The Law and Justice (PiS) government is determined to resist the teachers strike. It is calling the strike political and accusing the leader of the main teaching union Sławomir Broniarz of supporting the liberal opposition against whom he never organised any industrial action during their term in office.
Sources close to the government reveal that it does not believe negotiations can prevent strike action. The main teaching union (ZNP) is holding a ballot of its members over beginning strike action on April 8.
Its leader Sławomir Broniarz has spoken of the strike disrupting exams and he even brought up the prospect of teachers actually refusing to grade students at the end of the school year. That comment led to protests from parents that children were being held to ransom and Mr Broniarz has backtracked on it.
The government is determined to resist the strike in order to show other groups of workers thinking of similar actions that it is not going to be a soft touch. It is already organising to ensure that exams go ahead as planned by deploying teachers from school to school and allowing retired teachers to supervise. But the situation is politically complicated because the government has shown itself willing to spend generously on benefits and to cut taxes.
At the same time signals coming from the finance ministry are that it will be difficult to fund the promises to which the government has already committed itself. That means that there can be no question that the demand for a PLN 1,000 (EUR 233) raise for teachers could be met.
Opposition supports strike
Both the government and the opposition are making the strike a political matter. The opposition is backing the teachers’ demands. The government has hit back at the opposition reminding it that it was not prepared to be so generous when it was in office between 2007 and 2015.
The ruling party’s strategy is one of linking the teachers union leader to the opposition, reminding voters of his roots in the Democratic Left Alliance (SLD), a party which is now in electoral alliance with the liberals in the “European Coalition”. Its internal polling is showing that the popularity of the strike action is not much higher than that of the opposition. One of the reasons for that may be that Mr Broniarz and the main opposition parties are being linked directly to the action.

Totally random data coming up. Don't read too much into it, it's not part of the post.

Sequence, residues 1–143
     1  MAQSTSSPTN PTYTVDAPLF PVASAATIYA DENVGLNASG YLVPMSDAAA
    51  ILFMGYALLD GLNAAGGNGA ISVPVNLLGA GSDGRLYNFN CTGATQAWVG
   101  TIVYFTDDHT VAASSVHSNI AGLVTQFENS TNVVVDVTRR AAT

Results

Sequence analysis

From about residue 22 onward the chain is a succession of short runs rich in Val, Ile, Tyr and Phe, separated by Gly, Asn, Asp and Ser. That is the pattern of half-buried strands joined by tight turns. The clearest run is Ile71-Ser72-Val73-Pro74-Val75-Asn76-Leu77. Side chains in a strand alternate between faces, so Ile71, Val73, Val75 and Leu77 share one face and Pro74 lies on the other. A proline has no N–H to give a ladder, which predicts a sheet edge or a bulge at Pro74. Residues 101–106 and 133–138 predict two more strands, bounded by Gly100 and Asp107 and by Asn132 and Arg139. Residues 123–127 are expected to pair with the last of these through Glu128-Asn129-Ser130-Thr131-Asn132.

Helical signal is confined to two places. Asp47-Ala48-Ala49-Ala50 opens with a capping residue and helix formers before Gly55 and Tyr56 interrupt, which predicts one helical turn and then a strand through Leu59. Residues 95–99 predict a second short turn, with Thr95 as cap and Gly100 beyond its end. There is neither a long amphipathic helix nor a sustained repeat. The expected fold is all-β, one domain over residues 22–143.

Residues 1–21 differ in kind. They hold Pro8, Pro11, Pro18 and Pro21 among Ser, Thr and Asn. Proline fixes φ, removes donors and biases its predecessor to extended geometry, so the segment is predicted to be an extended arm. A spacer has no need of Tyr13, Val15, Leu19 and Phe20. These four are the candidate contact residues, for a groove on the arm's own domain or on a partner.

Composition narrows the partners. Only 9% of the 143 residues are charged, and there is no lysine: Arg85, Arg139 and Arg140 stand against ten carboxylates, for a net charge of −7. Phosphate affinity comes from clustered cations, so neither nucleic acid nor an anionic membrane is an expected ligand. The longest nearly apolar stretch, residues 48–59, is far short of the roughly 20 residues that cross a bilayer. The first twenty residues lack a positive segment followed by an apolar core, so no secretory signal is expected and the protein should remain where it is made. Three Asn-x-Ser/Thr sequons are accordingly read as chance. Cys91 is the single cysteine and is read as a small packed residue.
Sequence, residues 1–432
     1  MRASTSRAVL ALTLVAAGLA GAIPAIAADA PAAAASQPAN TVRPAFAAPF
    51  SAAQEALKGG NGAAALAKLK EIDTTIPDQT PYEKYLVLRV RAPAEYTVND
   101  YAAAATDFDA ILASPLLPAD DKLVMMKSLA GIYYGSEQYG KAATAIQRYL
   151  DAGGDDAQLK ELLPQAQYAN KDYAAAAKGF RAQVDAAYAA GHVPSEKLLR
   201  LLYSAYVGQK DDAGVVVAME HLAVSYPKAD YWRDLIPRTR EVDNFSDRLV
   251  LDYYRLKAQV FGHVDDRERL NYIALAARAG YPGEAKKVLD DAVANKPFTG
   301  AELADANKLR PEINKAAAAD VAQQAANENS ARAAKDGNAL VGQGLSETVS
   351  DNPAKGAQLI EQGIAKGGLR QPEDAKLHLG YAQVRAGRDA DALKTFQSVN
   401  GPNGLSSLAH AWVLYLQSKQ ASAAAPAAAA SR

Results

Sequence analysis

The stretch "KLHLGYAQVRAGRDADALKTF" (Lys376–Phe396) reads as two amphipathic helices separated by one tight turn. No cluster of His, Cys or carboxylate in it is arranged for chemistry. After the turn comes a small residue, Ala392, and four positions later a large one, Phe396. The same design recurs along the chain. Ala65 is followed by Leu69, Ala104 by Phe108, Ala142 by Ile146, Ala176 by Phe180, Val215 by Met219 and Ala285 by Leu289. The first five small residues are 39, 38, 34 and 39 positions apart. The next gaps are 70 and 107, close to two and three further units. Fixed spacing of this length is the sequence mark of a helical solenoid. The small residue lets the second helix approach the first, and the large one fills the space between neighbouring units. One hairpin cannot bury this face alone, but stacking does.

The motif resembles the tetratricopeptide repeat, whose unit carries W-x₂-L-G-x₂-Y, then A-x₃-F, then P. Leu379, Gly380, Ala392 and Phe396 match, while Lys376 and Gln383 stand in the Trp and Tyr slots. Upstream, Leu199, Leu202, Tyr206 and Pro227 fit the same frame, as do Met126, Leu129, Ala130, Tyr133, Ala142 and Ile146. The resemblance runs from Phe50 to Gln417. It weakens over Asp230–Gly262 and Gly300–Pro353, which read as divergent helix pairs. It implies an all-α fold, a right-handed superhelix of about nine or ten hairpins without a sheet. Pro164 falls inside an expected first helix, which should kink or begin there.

The opposition has hit back saying that the government was willing to give generous bonuses to its own ministers last year (later rescinded following an appeal from the ruling party leader - ed.).
President Andrzej Duda has appealed for dialogue and has met the PM, but the decisions on the matter will be taken by the government.
The pay aspect of the dispute
There is also tension between the government and the “Solidarity” teachers union. That union has not proposed strike action but a chapter of it has engaged in an occupation of a local Education office in the south of the country. That action is now to be escalated with the announcement of a hunger strike from March 25.
Teachers salaries were increased by almost half in the first couple of years of the Civic Platform government. However, in the second term of that administration that ended they were effectively frozen. The present government has announced gradual increases in teachers pay which the ZNP union consider to be inadequate. However, as the ruling party reminds the opposition, back during its day the then-education minister Joanna Kluzik-Rostowska said that teachers were not a badly paid group as over half of them earned more than PLN 5,000 (EUR 1,165) per month. The average salary in Poland is still slightly below that figure